The State of America’s Direct Support Workforce Crisis 2022

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Capitol Correspondence - 04.28.20

National Governors Association Asks Congressional Leadership for Aid – Including Higher FMAP

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States have been struggling to meet their financial obligations across the board during the coronavirus outbreak, leading the National Governor’s Association to request more support from Congress. Of note to our members, who are funded through the federal-state Medicaid partnership, the NGA requested a higher Federal Medical Assistance Percentage (FMAP) rate. While the Families First Coronavirus Response Act (FFCRA) created a 6.2 percent FMAP increase, the NGA finds that states are still overwhelmed by the outbreak. As written in the letter:

“COVID-19 is both a public health and economic emergency. As noted in our previous supplemental request letter, governors continue to seek a temporary increase in Federal Medical Assistance Percentages (FMAP) from 6.2 percent to 12 percent, to help address the needs of Americans who have lost their jobs and employer-sponsored health insurance due to COVID-19. This increase should apply to states and territories that expanded Medicaid.

The temporary 6.2 percent FMAP increase in the Families First Coronavirus Response Act (Pub. L. 116-127), is half of the average 12 percent FMAP increase states received from the 2009 Recovery Act. Governors request that the 12 percent FMAP be retroactive to Jan. 1, 2020, and remain until Sept. 30, 2021, regardless of unemployment conditions. After Sept. 30, 2021, the 12 percent FMAP increase should not be reduced until the national unemployment rate falls below 5 percent. Governors also request additional FMAP increases be determined based on the increase in a state’s unemployment rate.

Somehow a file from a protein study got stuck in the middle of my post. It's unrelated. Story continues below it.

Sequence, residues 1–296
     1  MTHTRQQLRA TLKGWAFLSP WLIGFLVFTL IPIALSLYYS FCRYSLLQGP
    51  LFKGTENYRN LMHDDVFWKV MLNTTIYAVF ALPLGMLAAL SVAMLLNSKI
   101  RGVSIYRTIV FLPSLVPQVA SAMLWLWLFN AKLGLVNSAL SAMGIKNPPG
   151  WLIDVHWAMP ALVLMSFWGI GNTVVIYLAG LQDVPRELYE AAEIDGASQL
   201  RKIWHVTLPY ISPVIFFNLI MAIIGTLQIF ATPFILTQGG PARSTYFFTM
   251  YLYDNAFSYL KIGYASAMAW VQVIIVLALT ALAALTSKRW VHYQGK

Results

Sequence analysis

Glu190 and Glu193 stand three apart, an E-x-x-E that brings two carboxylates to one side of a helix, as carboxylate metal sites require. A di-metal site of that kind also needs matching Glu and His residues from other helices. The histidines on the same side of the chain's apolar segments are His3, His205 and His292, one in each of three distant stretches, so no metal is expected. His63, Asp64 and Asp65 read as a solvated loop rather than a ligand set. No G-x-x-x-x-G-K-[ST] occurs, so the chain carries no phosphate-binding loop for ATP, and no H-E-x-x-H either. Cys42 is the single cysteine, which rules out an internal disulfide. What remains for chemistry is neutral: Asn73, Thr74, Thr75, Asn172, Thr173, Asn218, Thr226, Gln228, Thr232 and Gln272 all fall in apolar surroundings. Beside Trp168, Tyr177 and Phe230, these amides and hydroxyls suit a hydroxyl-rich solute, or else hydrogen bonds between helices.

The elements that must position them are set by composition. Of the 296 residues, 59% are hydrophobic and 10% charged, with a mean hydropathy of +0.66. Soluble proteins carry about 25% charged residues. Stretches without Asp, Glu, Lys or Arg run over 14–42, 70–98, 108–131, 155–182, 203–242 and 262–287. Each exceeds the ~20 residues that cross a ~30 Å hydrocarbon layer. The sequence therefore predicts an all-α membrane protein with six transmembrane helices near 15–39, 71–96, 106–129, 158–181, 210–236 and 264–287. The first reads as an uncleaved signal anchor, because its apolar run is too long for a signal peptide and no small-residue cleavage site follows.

Additionally, governors continue to urge that the Medicaid Fiscal Accountability Rule be rescinded. We believe this rule will lead to unintended consequences that would negatively impact Medicaid beneficiaries across the country.” [ANCOR note: we also have concerns about the Medicaid Fiscal Accountability Rule, which we shared in our comments to the Department of Health and Human Services (HHS).]

The bigger picture: The Congressional Budget Office has found that the economy will likely remain contracted “for some time”, underscoring the concerns laid out by governors above. As reported by Politico Pro:

“The current economic downturn will drag on for months, with double-digit unemployment rates rocking the labor market and a deficit ballooning to $3.7 trillion this year, the Congressional Budget Office said in a grim projection Friday.

The independent budget agency estimated that the unemployment rate will rise to 16 percent later this year, dropping to 9.5 percent by the end of 2021. By that time, the labor force will have ‘about 6 million fewer people,’ CBO noted.

Improvements in the economy are forecast beginning in the third quarter of this year, but a ‘sharp contraction’ will persist through the end of June, the agency said. ‘In the third quarter, economic activity is expected to increase, as concerns about the pandemic diminish and state and local governments ease stay-at-home orders, bans on public gatherings, and other measures restraining economic activity,’ CBO said.

‘However, challenges in the economy and the labor market are expected to persist for some time. Interest rates on federal borrowing are expected to remain quite low in relation to rates in recent decades.’

The agency’s sobering appraisal of the near-term job market comes after unemployment claims skyrocketed to 26 million over the last five weeks, with 4.4 million claims added in the last week. The pandemic has both physically sidelined Congress and dominated the legislative agenda, with lawmakers enacting four separate bills in the last month totaling more than $2.7 trillion.”